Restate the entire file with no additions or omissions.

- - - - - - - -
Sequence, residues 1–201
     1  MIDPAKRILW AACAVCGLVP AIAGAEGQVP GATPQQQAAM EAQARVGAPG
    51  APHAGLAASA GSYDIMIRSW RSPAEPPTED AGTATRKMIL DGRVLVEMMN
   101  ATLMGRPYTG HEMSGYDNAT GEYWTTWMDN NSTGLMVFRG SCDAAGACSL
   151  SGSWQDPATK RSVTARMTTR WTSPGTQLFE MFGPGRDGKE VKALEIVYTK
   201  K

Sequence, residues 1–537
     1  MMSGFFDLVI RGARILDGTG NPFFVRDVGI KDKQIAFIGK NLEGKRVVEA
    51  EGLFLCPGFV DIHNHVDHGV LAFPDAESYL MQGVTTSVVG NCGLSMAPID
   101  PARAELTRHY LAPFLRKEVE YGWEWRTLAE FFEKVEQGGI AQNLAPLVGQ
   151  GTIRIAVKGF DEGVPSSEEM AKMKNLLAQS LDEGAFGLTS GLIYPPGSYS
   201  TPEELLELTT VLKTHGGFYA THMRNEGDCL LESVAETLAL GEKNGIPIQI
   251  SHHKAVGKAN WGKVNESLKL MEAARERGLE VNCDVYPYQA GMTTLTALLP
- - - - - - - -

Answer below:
Sequence, residues 1–201
     1  MIDPAKRILW AACAVCGLVP AIAGAEGQVP GATPQQQAAM EAQARVGAPG
    51  APHAGLAASA GSYDIMIRSW RSPAEPPTED AGTATRKMIL DGRVLVEMMN
   101  ATLMGRPYTG HEMSGYDNAT GEYWTTWMDN NSTGLMVFRG SCDAAGACSL
   151  SGSWQDPATK RSVTARMTTR WTSPGTQLFE MFGPGRDGKE VKALEIVYTK
   201  K

Sequence, residues 1–537
     1  MMSGFFDLVI RGARILDGTG NPFFVRDVGI KDKQIAFIGK NLEGKRVVEA
    51  EGLFLCPGFV DIHNHVDHGV LAFPDAESYL MQGVTTSVVG NCGLSMAPID
   101  PARAELTRHY LAPFLRKEVE YGWEWRTLAE FFEKVEQGGI AQNLAPLVGQ
   151  GTIRIAVKGF DEGVPSSEEM AKMKNLLAQS LDEGAFGLTS GLIYPPGSYS
   201  TPEELLELTT VLKTHGGFYA THMRNEGDCL LESVAETLAL GEKNGIPIQI
   251  SHHKAVGKAN WGKVNESLKL MEAARERGLE VNCDVYPYQA GMTTLTALLP